How to do it: Place a loaded barbell across your upper traps like you would when squatting and stand facing a plyometric box or other stable raised surface. (The height of the box should be such that when one foot is on the floor and the other is up on the box, the lead thigh is parallel to the floor.) Step up onto the box with one foot and press down into the box to raise your body up until the working leg is fully extended, then lower yourself back to the starting position, both feet on the floor. Alternate legs every other rep, or complete all reps with one leg and then switch legs.

How much to do: 3-4 sets, 8 reps per leg, 1½-2 minutes rest between sets

Conventional Deadlift




Contributor: Robert T. Williams, MS, CSCS, Division Fitness and Performance Specialist for EAS in Columbus, Ohio.

Where it hits: Quads, hamstrings, glutes, back

Why it’s effective: “One element of training that is often overlooked is inertia – more commonly understood as starting strength,” says Williams. “In most sports, you need to be able to accelerate quickly to the ball, or toward or away from a teammate or opponent. This requires explosiveness and strength, both of which are developed by deadlifting. Deadlifts will train the muscles to overcome your own body’s inertia to accelerate, but it will also allow you to overcome your opponent’s inertia in contact sports like football, rugby or wrestling, where you’re required to stop and/or takedown an opponent.”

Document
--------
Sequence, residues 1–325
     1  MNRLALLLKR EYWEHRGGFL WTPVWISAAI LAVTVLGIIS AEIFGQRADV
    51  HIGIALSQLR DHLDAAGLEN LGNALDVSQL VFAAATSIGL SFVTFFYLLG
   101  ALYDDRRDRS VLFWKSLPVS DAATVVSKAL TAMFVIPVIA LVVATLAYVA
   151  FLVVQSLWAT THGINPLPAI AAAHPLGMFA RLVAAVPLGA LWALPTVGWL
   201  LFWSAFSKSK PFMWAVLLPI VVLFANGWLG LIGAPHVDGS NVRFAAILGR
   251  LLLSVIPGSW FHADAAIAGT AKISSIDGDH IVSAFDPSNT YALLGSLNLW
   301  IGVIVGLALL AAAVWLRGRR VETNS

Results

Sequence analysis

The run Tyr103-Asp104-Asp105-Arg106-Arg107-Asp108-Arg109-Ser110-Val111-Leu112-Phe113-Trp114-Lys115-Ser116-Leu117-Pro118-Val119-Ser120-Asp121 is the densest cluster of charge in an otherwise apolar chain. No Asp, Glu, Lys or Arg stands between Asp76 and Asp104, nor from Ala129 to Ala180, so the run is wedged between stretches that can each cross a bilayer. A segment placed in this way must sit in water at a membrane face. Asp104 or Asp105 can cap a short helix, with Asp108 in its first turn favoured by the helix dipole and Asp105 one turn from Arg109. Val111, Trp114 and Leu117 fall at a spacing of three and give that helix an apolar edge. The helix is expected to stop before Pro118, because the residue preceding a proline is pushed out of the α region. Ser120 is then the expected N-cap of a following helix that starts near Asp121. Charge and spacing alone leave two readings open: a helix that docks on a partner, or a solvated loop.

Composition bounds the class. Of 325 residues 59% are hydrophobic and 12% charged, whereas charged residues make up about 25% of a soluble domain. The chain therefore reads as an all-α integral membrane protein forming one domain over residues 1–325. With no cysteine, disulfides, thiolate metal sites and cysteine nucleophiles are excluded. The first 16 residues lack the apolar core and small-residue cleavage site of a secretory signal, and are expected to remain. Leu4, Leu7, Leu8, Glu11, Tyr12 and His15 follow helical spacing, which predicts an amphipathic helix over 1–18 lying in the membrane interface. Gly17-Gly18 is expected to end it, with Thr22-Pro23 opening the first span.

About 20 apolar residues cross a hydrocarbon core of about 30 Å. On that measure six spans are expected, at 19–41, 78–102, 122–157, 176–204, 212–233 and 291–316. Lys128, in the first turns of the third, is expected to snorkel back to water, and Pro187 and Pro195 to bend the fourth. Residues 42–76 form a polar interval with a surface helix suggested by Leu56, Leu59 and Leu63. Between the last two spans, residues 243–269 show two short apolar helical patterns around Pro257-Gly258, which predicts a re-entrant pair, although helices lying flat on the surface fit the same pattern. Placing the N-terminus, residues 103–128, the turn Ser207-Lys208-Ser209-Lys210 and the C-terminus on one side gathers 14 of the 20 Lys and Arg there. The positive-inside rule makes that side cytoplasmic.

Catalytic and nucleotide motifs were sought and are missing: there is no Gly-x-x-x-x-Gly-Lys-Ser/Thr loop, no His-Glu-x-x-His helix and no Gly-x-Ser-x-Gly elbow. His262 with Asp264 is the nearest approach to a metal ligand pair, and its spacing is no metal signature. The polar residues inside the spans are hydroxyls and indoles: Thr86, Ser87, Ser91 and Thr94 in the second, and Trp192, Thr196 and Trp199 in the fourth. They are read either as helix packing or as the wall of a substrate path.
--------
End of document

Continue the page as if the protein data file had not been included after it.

How to do it: Position your feet shoulder-width apart beneath a loaded barbell touching your shins. Squat down and grasp the bar with a shoulder-width, pronated (palms facing back) grip. With your chest up and back flat, lift the bar by extending your hips and knees to full extension. Keep your arms straight throughout as you drag the bar up your legs to a standing position. Squeeze your back, legs and glutes for a count, then lower the bar back down to the floor.

How much to do: For increasing absolute strength, Williams recommends 5-6 sets of 3-5 reps using 85%-90% of your 1RM; for developing explosiveness, he recommends 3-4 sets of 5-6 reps with 50%-60% of your 1RM.

Bench Press Throws



Contributor: Tim Scheett, PhD, assistant professor in the department of health and human performance at the College of Charleston and an associate editor for the Journal of Strength & Conditioning Research.